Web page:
McLennan County commissioners Tuesday agreed to fund in part a new group aimed at recruiting sports events to further the area as an athletics attraction.
The Greater Waco Sports Commission wants to improve economic development by bringing in more events while coordinating efforts with local organizations. The commission, which is working to gain nonprofit status, also aims to enhance and retain existing events while finding gaps in service.
Commissioners approved $50,000 for the organization for fiscal year 2016.
Rick Tullis, Greater Waco Sports Commission board chairman, said numerous peer cities across the state have some type of sports commission that aggressively works toward attracting sporting events. McLennan County is behind in that process, he said. Events have organically been drawn to McLennan County because of its location, he said.
“Nobody else has a Cameron Park. I don’t care how much bond money they get, they can’t build a Cameron Park on the Brazos River,” Tullis said.
County Judge Scott Felton said the group will be a real asset to the community.
“We do have a lot of activities like the TriWaco event, everything from equine to bicycle to cross country to volleyball, indoor, outdoor events, Little League and so on. It sounds like a worthwhile event,” Felton said.
Felton said the city already has agreed to reserve $50,000 for the commission, but its budget has not yet been approved. Felton said the county’s part is the last piece of the puzzle, as several foundations already have extended financial support.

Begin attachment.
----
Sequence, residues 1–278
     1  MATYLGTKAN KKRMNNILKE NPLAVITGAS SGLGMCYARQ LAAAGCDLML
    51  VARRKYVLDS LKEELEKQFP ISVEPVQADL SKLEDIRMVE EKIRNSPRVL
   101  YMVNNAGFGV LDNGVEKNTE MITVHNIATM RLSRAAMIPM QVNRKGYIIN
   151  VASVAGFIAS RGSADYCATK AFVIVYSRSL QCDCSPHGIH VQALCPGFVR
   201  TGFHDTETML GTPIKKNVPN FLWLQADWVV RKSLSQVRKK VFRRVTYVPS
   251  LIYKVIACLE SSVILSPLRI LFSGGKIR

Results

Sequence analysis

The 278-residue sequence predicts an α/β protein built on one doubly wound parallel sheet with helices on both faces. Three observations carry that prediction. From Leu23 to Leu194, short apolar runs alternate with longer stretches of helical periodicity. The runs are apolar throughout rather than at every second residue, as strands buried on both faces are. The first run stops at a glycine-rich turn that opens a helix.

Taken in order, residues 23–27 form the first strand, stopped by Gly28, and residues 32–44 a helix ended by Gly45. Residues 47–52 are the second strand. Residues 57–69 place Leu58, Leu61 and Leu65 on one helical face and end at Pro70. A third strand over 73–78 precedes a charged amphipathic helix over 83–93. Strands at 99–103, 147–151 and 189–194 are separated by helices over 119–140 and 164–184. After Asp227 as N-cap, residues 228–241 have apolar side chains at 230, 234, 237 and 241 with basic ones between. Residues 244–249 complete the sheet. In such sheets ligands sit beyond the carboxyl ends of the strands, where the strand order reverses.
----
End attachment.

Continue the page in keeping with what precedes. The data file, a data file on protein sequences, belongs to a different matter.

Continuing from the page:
The county’s proposed fiscal year 2016 budget has been posted to the county’s website. Commissioners have until the end of August to adopt the budget.
Tullis said the organization needs about $250,000 a year to operate. For at least the first three years, he said, it will need help from the county, city, local foundations and private groups. He said eventually the organization hopes to generate its own funding source.
The Greater Waco Sports Commission board is searching for a director after its launch in March. The commission came together during the past few years from a group wanting to build a strategic entity to grow amateur- related sports and improve the area’s economic development and qualify of life.
Tullis said the commission plans to hit the ground running by taking inventory of athletics venues — detailed by dimensions, type of turf, restrooms and so forth — so it can market those locations. He said no such inventory now exists.
A well-produced sporting event could draw people from across the region to this area, and therefore put money into the local economy, all while providing health and wellness opportunities for locals and improving the area’s image, Tullis said.
Tullis said the commission will keep track of economic data as it relates to its efforts to show how it is benefiting the area and justify continued future contributions.
Also at Tuesday’s commissioners court meeting
Commissioners voted to approve an agreement with former employee Stephanie Ayala, who was fired June 9 by Human Resources Director Amanda Talbert.
Ayala made wrongful termination allegations and the county found no support for that claim, “but seeks to avoid the expense and the diversion of employees and officials from their duties that would accompany administrative and/or court proceedings,” according to the agreement.
The agreement states the county recognizes Ayala’s length of service. Through the agreement, she was reinstated and immediately resigned, effective June 30, to allow her 20 years of continued full-time employment. The move didn’t grant her back pay, but will allow her to apply for disability retirement with the Texas County and District Retirement System.
Ayala agreed to release any claims to county employees.
About a dozen people June 16 stood outside the McLennan County Courthouse calling for the termination of Talbert, who was hired by the county March 6, claiming the firings of Ayala and former employee Genevieve Cervantez were racially motivated.